Everyone in the music industry knows George Daniels, the 55-year-old owner of George's Music Room. Puffy calls him Uncle George, R. Kelly claims him as a godfather, and he's Ron Isley's right-hand man.
You know him, too. Check the video for Isley's comeback hit "Contagious." That's George, cream suit and derby, marching in to whip R. Kelly's ass for messing around with Mr. Biggs's girl. And that's him again in the "Friend of Mine" video, clad in a black pinstripe zoot suit and Stetson, backing Mr. Biggs when he steps to Kelly, this time for cheating on Biggs's goddaughter, R & B starlet Kelly Price.
He was tapped to be in Kelly's "Feelin' on Your Booty" video with Lil' Kim, too. "But I can't be in everything," says Daniels, smiling behind his trademark sunglasses. He's seated in his small office, a music lover's museum packed with memorabilia and paperwork. Hanging from his neck is a platinum Twism chain, a gift from Shaquille O'Neal, who asked Daniels to consult for his new label.
After 32 years of steady growth, his comfy neighborhood music shop at 3915 W. Roosevelt has become the largest independent music retail store in the midwest, with a recently opened second location in Midway Airport. Dozens of awards hang on his walls; he's won Impact! Weekly's award for retail excellence so many times that the trade magazine finally renamed it in his honor. And he's mentored dozens of black artists and entrepreneurs trying to break into the business.
"He shows a lot of support for the independents in the city," says Reginald "Big Fub" McKinley, general manager of Legit Ballin' Records. McKinley first met Daniels while pushing Do or Die's debut album in 1995. Daniels stocked the album and let the group set up in-store promotions. "He was glad to see us doing something independently and not letting the majors stop us," says McKinley. "We were trying, and he was supportive of that."
The son of restaurateurs in New York, Daniels learned the value of customer service at an early age. When his parents separated, he was shifted from relative to relative between New York and Texas before coming to live with his brother, then a med student at UIC, at age 15. After graduating from Hirsch High School he got a job as a janitor at Chess Records, where his job description quickly expanded to include "stomping"--creating background noise for recordings--and serving as a driver for artists. "That was during the days when Chicago was the real heart of the music industry," says Daniels. But to him Chess was just another part-time job, one of many he took while studying at Loop College.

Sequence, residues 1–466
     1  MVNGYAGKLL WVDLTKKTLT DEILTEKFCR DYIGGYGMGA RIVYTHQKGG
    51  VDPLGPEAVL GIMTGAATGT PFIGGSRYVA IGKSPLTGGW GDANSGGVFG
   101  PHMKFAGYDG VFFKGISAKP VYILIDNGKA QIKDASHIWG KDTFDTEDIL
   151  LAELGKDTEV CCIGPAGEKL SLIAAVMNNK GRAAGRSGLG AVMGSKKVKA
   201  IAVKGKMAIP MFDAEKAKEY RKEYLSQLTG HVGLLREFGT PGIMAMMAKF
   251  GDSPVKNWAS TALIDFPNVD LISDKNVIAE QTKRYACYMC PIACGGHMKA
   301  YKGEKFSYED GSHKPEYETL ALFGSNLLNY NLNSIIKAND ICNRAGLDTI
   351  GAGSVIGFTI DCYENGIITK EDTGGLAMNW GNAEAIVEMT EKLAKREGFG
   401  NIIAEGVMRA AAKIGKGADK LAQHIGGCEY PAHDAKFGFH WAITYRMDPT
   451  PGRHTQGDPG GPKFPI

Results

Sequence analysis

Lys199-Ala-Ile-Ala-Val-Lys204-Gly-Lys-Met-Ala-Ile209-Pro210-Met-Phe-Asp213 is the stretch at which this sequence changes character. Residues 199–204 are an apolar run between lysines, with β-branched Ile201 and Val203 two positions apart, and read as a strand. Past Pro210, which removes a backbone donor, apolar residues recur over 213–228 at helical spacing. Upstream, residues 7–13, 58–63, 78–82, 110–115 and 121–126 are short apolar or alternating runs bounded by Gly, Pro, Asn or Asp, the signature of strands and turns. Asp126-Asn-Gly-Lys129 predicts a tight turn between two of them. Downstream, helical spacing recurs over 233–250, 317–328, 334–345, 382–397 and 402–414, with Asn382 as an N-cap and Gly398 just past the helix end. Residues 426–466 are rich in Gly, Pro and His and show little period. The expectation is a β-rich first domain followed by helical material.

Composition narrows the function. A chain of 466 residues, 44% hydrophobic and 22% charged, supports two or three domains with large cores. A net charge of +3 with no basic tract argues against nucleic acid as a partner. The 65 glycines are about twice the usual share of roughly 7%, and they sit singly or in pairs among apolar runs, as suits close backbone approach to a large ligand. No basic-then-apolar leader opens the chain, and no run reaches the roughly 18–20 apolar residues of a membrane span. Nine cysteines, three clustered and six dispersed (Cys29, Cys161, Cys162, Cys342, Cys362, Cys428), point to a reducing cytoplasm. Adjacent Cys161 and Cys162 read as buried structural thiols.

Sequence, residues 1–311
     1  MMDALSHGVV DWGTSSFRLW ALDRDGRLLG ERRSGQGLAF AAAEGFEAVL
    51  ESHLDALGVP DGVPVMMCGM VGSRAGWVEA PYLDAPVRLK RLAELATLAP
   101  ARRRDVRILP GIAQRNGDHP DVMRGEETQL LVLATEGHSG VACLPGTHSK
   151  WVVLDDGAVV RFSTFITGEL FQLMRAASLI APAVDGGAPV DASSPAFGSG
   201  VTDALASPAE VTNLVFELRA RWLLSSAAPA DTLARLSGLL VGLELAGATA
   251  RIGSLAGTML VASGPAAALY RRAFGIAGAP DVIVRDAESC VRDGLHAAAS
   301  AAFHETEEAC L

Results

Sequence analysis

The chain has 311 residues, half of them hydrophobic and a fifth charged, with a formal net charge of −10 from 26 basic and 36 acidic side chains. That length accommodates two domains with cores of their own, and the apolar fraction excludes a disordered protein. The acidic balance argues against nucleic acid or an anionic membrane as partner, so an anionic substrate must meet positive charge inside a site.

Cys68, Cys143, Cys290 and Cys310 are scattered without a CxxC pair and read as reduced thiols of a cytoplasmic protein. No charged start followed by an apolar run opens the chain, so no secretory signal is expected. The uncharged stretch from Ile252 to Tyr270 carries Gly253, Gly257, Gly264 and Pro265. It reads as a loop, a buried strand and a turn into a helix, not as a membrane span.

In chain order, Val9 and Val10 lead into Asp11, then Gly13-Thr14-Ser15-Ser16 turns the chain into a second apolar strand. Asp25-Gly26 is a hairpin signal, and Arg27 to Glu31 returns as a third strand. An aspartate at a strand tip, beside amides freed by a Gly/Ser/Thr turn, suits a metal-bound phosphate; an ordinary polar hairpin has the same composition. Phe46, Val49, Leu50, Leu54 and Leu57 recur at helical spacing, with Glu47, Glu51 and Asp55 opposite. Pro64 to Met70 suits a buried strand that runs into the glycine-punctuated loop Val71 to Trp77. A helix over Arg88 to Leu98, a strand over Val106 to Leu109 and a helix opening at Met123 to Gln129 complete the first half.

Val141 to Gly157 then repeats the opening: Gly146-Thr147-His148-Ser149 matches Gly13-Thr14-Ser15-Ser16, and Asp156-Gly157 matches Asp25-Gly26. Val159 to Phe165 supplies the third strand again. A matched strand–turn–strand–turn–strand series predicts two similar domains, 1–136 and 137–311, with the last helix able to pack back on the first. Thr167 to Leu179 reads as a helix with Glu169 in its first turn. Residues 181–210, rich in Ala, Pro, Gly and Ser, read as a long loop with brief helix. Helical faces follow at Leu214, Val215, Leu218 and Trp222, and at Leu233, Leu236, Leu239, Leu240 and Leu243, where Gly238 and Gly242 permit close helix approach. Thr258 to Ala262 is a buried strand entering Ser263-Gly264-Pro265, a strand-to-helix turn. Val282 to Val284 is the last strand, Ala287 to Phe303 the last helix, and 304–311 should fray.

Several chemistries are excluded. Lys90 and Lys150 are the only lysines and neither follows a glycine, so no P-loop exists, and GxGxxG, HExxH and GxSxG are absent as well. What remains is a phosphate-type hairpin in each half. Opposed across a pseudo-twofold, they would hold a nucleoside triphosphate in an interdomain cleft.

He later worked for a cleaning company that serviced United Distributors, the first black-owned distribution company in the nation and part of Michigan Avenue's legendary Record Row. Owned by brothers Ernie and George Leaner, United Distributors handled Motown's Tamla and Soul labels and Chicago's Stax Records. When Ernie opened Ernie's One Stop, he asked Daniels to come aboard. Daniels helped buy and stock the music and also worked behind the counter. "Eventually," he says, "I figured I could own my own store."
George's Music Room opened December 12, 1969, just days before his 21st birthday. "I opened the store with six albums and 100 45s," he says. He ran his store quietly, hiring neighborhood kids and building a steady customer base in his community. It wasn't until ten years ago that he attracted national attention--for his public criticism of Billboard's chart system, which supplied white independent stores with computers to help track music sales. It didn't give computers to any black stores.
Daniels spoke out against the practice at every music industry convention he could get to. "That's what got me out of my shell," he says. "Prior to that, I was a pretty quiet guy. I'd run from the mike."
Now he can be seen dressed to the nines wheeling and dealing at just about every industry function from LA to New York. "He's the most stylish retailer in the nation," says Allan Cole, midwest promotions director for Clive Davis's J Records. He's even been spotted pulling up to clubs E2 and the Dragon Room on a 1950s Harley Davidson. "Life isn't over at 55," he says. "I'm just getting cranked up."
His friends and proteges--Shaq, McKinley, Vibe magazine president Kenard Gibbs, Columbia Records promotions coordinator Jerome Kemp--show their gratitude each December at Daniels's celebrity-filled birthday party. Last year more than 1,000 guests came from all over the country to honor their friend and mentor at the Hyatt Regency on Wacker.
"I've had a lot of wonderful mentors in my life," says Daniels, naming his brother as one of them. "I moved around so much that I never developed any friendships from my childhood. I guess that's why everywhere I go now, I make the people around me my family."
And to Daniels, relationships are more important than accolades. "If I were this great businessman I'd have chains all over the place," he says. "I'm a merchant. Merchants help the community. Merchants know how to work with people. That's what's important to me."
Art accompanying story in printed newspaper (not available in this archive): photos/Martha Brock Photography.